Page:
It’s not paranoia: Using public or open Wi-Fi networks without taking your security into consideration is a bad idea. We’ve shown you how easy it is to break into those networks, and how to stop it from happening to you. Now, dSploit, a security toolkit for Android, makes that process so simple anyone can do it. Here’s how it works, and how to protect yourself.
Photos by bloomua (Shutterstock)
What Is dSploit?
dSploit is actually a suite of security tools bundled together in one application. It runs on rooted Android (2.3+) devices, its code is freely available at GitHub, and it’s actually a great utility if you’re a security professional or otherwise enjoy the ins and outs of network security, hacking, and penetration testing.
We want to be clear that we’re not demonising the tool here; unlike apps such as Firesheep, Faceniff and Droidsheep, dSploit isn’t made for the sole purpose of cracking networks or hijacking user sessions.
It can certainly sniff out passwords transmitted in plain text on an open network, and it can crack poorly secured Wi-Fi networks. It can also scan networks for vulnerabilities, crack keys on common routers, and hijack browser, website or social network sessions and hold on to them. You can see a full list of the tool’s features here.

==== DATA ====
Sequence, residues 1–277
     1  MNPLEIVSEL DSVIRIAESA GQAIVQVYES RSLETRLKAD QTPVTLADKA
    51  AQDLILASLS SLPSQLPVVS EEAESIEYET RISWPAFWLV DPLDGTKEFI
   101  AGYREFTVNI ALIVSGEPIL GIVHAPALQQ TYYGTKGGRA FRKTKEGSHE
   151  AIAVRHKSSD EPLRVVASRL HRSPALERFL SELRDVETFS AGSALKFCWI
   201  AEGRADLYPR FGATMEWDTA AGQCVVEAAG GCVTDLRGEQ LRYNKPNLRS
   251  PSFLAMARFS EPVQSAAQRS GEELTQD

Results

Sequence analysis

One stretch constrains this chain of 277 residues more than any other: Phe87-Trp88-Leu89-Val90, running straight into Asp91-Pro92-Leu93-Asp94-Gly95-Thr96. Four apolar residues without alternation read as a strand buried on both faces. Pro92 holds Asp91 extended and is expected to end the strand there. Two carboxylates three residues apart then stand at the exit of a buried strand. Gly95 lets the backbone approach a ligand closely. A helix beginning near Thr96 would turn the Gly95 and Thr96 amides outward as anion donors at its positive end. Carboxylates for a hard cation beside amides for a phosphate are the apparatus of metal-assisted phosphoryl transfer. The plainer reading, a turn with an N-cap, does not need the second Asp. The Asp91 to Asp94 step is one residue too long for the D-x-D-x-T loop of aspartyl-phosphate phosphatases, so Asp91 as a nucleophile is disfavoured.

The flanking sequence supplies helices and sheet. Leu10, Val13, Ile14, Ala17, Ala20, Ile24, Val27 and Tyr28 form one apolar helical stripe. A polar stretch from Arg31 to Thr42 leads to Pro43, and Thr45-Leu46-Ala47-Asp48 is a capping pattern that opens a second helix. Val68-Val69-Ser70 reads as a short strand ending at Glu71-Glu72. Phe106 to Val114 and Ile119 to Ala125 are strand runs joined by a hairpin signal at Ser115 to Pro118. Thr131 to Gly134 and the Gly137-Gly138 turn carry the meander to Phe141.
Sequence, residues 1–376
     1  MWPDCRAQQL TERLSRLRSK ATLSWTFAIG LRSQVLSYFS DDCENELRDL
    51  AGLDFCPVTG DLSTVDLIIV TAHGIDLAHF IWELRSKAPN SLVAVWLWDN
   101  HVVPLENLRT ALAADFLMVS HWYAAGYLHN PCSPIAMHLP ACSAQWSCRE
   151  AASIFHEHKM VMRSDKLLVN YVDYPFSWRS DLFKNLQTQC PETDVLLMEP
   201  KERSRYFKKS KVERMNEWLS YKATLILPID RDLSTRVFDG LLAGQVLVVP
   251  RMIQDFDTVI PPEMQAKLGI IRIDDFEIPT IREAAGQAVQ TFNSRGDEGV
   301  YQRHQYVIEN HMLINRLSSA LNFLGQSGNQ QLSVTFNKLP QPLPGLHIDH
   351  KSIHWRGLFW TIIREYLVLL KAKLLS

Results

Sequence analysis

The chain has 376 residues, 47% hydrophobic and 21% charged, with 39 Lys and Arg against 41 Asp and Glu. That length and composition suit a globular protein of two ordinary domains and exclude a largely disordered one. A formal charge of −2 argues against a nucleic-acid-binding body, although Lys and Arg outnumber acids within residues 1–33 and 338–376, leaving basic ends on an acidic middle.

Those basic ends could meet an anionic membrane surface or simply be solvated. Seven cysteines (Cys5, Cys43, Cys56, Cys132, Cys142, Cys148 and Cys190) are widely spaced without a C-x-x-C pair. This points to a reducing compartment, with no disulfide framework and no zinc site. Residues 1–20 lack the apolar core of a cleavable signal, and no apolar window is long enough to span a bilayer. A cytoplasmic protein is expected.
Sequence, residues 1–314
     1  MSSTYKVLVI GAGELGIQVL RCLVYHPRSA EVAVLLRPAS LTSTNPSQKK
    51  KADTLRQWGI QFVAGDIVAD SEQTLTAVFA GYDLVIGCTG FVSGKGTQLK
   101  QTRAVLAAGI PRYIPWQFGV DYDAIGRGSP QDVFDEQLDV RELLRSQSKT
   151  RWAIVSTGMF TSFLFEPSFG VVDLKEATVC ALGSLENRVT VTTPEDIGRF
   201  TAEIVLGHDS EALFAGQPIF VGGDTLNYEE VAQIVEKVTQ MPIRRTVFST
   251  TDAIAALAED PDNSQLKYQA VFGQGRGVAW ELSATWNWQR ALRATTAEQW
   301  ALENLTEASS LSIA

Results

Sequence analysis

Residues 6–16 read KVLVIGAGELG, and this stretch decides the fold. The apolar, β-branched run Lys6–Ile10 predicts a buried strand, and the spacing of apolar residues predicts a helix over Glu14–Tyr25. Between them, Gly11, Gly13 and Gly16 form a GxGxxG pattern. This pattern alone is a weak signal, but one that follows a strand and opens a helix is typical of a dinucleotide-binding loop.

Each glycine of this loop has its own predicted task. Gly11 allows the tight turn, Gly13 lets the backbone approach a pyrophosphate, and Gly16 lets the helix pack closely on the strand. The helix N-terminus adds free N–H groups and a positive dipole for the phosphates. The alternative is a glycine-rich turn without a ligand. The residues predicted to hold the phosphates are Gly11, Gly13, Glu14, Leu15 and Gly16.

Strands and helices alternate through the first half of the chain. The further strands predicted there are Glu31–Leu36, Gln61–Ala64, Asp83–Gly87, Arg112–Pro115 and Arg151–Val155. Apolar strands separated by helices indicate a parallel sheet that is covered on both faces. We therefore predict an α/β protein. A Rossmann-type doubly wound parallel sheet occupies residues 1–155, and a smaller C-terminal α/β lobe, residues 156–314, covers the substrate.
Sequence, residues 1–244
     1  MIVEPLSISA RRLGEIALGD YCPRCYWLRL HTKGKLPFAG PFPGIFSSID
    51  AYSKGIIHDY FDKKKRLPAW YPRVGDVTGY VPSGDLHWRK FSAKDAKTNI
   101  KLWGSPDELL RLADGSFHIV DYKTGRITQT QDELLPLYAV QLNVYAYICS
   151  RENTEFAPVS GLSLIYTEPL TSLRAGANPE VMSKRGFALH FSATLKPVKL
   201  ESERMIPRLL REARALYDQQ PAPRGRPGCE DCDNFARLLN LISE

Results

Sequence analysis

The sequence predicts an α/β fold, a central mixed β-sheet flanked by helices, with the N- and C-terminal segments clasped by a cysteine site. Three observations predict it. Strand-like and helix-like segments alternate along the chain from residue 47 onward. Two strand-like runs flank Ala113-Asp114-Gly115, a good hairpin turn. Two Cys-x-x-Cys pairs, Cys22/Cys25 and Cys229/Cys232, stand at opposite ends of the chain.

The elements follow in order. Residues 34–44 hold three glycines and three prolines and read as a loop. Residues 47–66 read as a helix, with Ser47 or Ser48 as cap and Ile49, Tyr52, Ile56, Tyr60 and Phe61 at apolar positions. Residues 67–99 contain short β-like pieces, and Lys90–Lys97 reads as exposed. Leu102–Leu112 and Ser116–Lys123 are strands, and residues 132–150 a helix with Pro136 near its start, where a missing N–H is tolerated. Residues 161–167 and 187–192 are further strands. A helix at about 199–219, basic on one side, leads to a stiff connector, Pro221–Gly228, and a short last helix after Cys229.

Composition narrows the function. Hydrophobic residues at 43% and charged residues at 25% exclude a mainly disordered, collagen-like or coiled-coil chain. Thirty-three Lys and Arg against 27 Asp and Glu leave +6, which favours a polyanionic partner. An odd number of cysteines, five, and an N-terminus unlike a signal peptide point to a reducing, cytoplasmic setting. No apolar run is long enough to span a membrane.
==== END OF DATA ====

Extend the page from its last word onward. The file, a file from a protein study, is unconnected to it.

For a security professional, an amateur looking for an affordable way to learn more about network security, or someone looking to protect their own network, dSploit can be a valuable resource. It can also be exploited by people looking to steal your data. That’s why we’re going to talk about how it works and how you can protect your passwords and private data from anyone else using it.
How dSploit (And Other Apps Like It) Work
dSploit makes it easy to do two things: sniff out passwords which are being sent in unencrypted form, and hijack active browser sessions so you can masquerade as someone who is already logged in to a site or service. In both cases, they’re really one-touch operations once you have the app installed.
Sniffing out passwords is easy to do. If someone is visiting a site, or logging in to a service without using HTTPS or SSL, your password is likely being sent in clear text. Anyone sniffing packets on a network can capture them without having to do any real kind of packet inspection, and once they have it, they’ll try it on as many sites and services as possible to see if you use it for other accounts. The video above, from OpenSourceGangster, explains how the app works in detail, and how to use it.
Browser hijacking is a bit more intricate. If you’re not familiar with session hijacking, it’s the process of capturing cookies to exploit a valid active session that another user has with a secured service in order to impersonate that other user. Since no sensitive data such as a login or password is transmitted in the cookie, they’re usually sent in the clear, and in most cases they’re used by web sites and social networks as a way of identifying a user with a current session so the site doesn’t forget who you are every time you reload. This is the most common attack vector for apps that sniff out passwords and sessions via Wi-Fi. We showed you how this works when Disconnect, one of our favourite privacy protecting browser extensions, added protection against widget jacking and session hijacking, if you want to see an example.